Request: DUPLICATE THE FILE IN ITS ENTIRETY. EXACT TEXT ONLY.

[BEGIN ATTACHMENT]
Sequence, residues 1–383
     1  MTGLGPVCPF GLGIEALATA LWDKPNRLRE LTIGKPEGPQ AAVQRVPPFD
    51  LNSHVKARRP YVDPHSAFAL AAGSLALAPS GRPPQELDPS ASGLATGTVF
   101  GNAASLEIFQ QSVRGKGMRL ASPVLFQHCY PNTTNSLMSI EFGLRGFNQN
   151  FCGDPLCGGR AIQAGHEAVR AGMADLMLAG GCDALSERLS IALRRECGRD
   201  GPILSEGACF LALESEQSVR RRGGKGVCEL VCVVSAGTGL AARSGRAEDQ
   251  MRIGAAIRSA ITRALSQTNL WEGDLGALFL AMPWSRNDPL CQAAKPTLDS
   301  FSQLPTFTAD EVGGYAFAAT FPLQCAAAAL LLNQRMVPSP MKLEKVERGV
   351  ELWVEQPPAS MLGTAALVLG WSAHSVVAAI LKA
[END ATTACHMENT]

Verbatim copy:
Sequence, residues 1–383
     1  MTGLGPVCPF GLGIEALATA LWDKPNRLRE LTIGKPEGPQ AAVQRVPPFD
    51  LNSHVKARRP YVDPHSAFAL AAGSLALAPS GRPPQELDPS ASGLATGTVF
   101  GNAASLEIFQ QSVRGKGMRL ASPVLFQHCY PNTTNSLMSI EFGLRGFNQN
   151  FCGDPLCGGR AIQAGHEAVR AGMADLMLAG GCDALSERLS IALRRECGRD
   201  GPILSEGACF LALESEQSVR RRGGKGVCEL VCVVSAGTGL AARSGRAEDQ
   251  MRIGAAIRSA ITRALSQTNL WEGDLGALFL AMPWSRNDPL CQAAKPTLDS
   301  FSQLPTFTAD EVGGYAFAAT FPLQCAAAAL LLNQRMVPSP MKLEKVERGV
   351  ELWVEQPPAS MLGTAALVLG WSAHSVVAAI LKA